Case Study: Building Payment Microservice
Our customer lacked capacities in his own development team. They needed to build a stable, complex application to manage their business processes that is ready for the fast growth of the company. Therefore the app had to be easy to extend and maintain for future development. One of the requirements was to automate the process of paying out funds from an external payment service to clients’ bank accounts. Plus the code had to be friendly to the new programmers in the future. How have we done that?
Our customer’s goal is to create opportunities for communities to live in one place. They deal with building and renting residential premises with shared kitchens, living rooms, laundry rooms and bathrooms. They create conditions for people to spend some time together.
What the company needed, was stable application that manages business processes between clients, real estate management companies and customer’s team itself. They lacked development capacity in their own team. Another challenge was to make the application ready for the future growth of the company.
Therefore we had to develop an application that will be easy to extend and maintain in the future. So we separated a module for managing payments from the monolithic application and created a microservice to provide the opportunity for easier and faster development. The code is well documented to be friendly for new programmers in future. Also, we reduced some company costs by automating some processes.
Project and application overview
When we started, customer has had a monolithic application to manage business processes in the company. It contained several modules, each of which was responsible for different functionality. One of the requirements was to deal with processing payments between clients, real estate management companies and our customer.
The main types of payments were:
● monthly rental fees
● subscription to ‘helping hands’ service
Moreover, depending on the payment type and the rented building, the system had to handle an additional fee that was added and two ways of making deposits and withdrawals of funds i.e. bank transfers and card payments.
Because of the fact that the application was constantly growing, they created a library to separate implementation that contained:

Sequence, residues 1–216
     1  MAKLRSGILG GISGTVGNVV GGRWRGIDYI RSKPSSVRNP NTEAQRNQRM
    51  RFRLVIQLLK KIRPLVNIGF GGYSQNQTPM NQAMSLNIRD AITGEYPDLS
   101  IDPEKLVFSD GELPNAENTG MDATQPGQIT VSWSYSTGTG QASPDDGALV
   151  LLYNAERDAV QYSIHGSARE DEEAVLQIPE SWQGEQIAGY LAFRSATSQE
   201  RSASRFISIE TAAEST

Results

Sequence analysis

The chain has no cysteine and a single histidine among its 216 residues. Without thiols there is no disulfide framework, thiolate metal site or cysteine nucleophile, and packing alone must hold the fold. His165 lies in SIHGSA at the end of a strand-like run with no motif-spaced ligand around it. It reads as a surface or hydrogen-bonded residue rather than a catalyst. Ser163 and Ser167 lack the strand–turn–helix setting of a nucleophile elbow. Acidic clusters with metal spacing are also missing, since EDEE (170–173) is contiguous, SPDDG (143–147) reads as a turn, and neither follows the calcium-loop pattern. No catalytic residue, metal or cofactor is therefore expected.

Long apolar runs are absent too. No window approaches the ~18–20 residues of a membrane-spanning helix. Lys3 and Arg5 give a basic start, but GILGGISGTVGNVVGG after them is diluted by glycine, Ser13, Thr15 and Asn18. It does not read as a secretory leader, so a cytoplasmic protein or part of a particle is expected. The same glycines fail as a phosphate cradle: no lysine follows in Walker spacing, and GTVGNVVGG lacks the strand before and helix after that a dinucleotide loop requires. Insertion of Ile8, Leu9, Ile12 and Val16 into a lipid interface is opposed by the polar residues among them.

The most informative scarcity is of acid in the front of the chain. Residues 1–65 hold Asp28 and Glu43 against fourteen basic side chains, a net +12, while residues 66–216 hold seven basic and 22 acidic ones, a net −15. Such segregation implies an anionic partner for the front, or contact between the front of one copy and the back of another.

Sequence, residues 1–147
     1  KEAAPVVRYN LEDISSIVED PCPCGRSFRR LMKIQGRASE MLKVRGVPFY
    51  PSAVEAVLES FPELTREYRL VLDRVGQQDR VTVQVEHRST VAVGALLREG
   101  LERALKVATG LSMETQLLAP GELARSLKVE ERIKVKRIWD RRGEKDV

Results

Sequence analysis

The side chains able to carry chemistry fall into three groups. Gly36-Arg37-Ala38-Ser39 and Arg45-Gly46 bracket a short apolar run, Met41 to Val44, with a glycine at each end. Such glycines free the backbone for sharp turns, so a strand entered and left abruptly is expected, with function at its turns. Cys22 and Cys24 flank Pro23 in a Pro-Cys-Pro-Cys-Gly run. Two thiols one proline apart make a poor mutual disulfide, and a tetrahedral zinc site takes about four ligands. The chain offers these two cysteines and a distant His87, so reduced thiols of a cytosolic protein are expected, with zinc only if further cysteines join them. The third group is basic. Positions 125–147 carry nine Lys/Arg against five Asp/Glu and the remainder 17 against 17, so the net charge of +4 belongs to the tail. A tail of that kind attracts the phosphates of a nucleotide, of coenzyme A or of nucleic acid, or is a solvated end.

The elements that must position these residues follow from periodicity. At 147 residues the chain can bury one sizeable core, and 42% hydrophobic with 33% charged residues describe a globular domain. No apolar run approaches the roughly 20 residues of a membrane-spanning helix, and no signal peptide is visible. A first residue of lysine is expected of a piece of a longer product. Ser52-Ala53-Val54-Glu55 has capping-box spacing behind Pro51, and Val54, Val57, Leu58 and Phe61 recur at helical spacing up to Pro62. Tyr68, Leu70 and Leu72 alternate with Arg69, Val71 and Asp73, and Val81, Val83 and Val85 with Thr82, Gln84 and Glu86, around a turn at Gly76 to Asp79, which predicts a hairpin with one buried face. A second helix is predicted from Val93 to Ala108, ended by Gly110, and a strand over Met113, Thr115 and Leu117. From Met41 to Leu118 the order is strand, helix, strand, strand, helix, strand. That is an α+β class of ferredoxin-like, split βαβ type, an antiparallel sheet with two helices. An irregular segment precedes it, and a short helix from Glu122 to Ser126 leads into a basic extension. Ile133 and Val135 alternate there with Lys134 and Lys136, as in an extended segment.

● communication with external payment service
● monitoring resources in the external service
● processing bank transfers and card payments
● managing subscriptions, properties and customers.
Problems and client goals
Despite the fact that the application had to meet the requirements of end customers, it also had to keep up with the development of the company, which was constantly growing. That is why one of the client’s goals was to automate the process of paying out funds from an external payment service to clients’ bank accounts. Thanks to this, the company could dedicate human resources to other areas that would increase its profits and ensure faster growth.
The development of the company goes hand in hand with the development of software, and this requires easy introduction of new functionality. For this to be possible, you need to constantly look after and improve the quality of the code. Our client was well aware of this, which is why it was another goal of our cooperation.
The last goal we faced was to separate the module for managing payments from the monolithic application and to create a microservice with which it could communicate.
Solutions and our goals
A team of five developers was appointed to work on the project: Eduardo from Brazil, Iain from Vietnam, Ondrej from the Czech Republic, Sergey from Russia and me from Poland. In addition, the client assigned two people from his side.
The first step to provide the client with stable and easily extensible software was a profound analysis of existing implementation and understanding of the business domain. We had to know not only what requirements the business sets for us, but also what changes we can expect in the future. To achieve this, we organized regular meetings with the team members on the client’s side who had been involved in creating the software from the beginning. This contributed to the continuous deepening of our knowledge about business, design, technologies and it made our domain knowledge good enough to provide a solid and well-tested code that solves customer’s problem.